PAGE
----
Wednesday, October 24, 2007

Talking Out Loud Rewind...Take 2

Another day, another dive into the pool of life lesson's, semi-reasoning and folks talking out loud for all the hear. Of course, first up to bat is myself, with my daily musings and coverage of pertinent events. I ususally try to sort through the noise and find those interesting items that will fullfill our mission position to educate, inform and empower unilaterally. Often I'm not sure where to began or what will make the cut, but somehow I always find my way to stay on point and cut to the chase. Therefore, without further delay, let's see what's really going on....

Oh KUAR: The UALR radio station KUAR featured programming on the subject of Homosexuality on it's show, Yesterday, Today and Tomorrow on 10.23.07 with guest Norman Jones, Randi Romo and Timothy Kessler offering intergenerational perspectives on the topic. Phil Mariage, host and moderator anted up some interesting questions and observations for panelist response. What I heard was a eyeopening mix of candidness, factual references and throaty banter. The questions ranged from personal stories about coming out issues to the future of gays in Arkansas. I was intriuged by the panelist and their personal take on the questions posed by the moderator, but felt that some answers painted a broad picture of the GLBTQI community (such as it is) with wearing rose colored glasses with lots of disposable cash. Even though this may be true for some, it's not steeped in reality for most in this state. According to E-canned, an online income watchsite, the median income in Arkansas is in decline, averaging about $37,000 to $34,000 yearly. Meanwhile, contrasted against other States throughout the US, the State of Arkansas can be recognized as having a relatively high poverty rate amongst the population, with a poverty rate of 15.8 percent of people living in a family with an income below the poverty level in 1999. Yes, Virgina this is just one of the stark realities within the rainbow community juxtaposed to a host of other issues that warrant more air time and discussion. I listened to the long version podcast which covered overviews about civil rights vs. gay rights, work place attitudes and gay assimilation that barely scracthed the surface of the issues. For instance there was no mention of the ENDA dilemma in the workplace, stratergies for additional political gains or what defines the GLBTQI construct. I sensed that the moderator or perhaps his producers should have done a bit more homework in this effort. Despite my perceived shortcomings of the program, KUAR and Mr. Mariage deserve kudos for this excercise as well as an attempt to spotlight gay life in Arkansas yesterday, today and tomorrow. If you didn't hear it and I encourage you to listen in and judge it for yourself. Then, come back here to share what you thought about it with me. I'll be on Go to the programming tab, then scroll down to the show.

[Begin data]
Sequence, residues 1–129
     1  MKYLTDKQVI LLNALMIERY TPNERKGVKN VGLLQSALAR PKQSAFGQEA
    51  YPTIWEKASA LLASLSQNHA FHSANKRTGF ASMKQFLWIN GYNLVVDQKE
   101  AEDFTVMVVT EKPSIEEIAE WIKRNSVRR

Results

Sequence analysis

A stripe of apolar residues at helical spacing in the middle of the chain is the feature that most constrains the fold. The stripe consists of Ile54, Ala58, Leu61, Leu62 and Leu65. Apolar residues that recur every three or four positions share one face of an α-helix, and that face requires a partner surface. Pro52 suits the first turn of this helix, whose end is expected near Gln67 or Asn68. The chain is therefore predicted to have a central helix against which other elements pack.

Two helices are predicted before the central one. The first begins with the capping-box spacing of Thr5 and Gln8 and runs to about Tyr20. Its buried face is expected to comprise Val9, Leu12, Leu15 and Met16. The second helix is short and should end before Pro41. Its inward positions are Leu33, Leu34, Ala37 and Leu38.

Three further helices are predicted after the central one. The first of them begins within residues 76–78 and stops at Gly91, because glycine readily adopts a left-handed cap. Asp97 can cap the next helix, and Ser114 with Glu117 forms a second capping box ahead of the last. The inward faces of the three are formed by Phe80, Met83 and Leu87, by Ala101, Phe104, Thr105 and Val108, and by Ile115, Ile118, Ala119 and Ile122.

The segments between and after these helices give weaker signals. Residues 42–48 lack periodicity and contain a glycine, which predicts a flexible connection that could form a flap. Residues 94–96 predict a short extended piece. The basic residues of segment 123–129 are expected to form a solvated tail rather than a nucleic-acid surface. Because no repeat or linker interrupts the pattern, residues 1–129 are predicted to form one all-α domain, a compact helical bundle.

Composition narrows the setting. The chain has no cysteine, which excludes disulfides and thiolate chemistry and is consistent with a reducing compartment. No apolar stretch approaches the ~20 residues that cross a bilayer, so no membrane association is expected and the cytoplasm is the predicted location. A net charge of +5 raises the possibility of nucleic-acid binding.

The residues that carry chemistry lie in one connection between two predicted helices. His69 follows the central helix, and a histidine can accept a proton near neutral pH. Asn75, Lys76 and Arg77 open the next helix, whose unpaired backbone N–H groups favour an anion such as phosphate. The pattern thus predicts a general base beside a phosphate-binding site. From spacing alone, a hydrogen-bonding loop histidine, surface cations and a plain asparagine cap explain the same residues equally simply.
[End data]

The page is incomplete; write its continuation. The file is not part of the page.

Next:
The Twilight Years: The KUAR panel briefly touched on the subject of senior gays, I found a truly enlightening article in the New York Times, that brings the issue full circle and needs the attention of you my readers. I have been made aware by many seniors and those rapidly approaching that threshold that they feel isolated, discarded and often misunderstood from the younger set who place no value on their life experiences. I've personally be referred to as "old school" or "Mr. yesteryear", even though I'm in the prime of my life. These attitudes are the result of the GLBT lifestyle being internally promoted as youth and beauty driven to a fault. It's prevelant in the pages of our media and hearlded throughout our sub-culture. I do try to offer a balance in this forum by bringing the issue to the forefront for dialouge even though we use such images. Anyway, It's worth the read and thought process. Check it with this link


Of the estimated 1.6 million homeless American youth, between 20 and 40 percent identify as lesbian, gay, bisexual or transgender (LGBT).
Why do LGBT youth become homeless? In one study, 26 percent of gay teens who came out to their parents/guardians were told they must leave home; LGBT youth also leave home due to physical, sexual and emotional abuse. Homeless LGBT youth are more likely to: use drugs, participate in sex work, and attempt suicide. Also, LGBT youth report they are threatened, belittled and abused at shelters by staff as well as other residents. Locally CAR, The Center for Artistic Revolution offers a youth support group to help. Contact them at 501.244.9690 or e-mail: Tell em we sent ya!

Have you seen this calendar boy? Well we have and we've got him and so many more on our myspace page. It's loaded with streaming music, more talk-talk blogging and more to come. We are always looking to add friends, so go there now! See our link in the links section for the hook up!

No comments: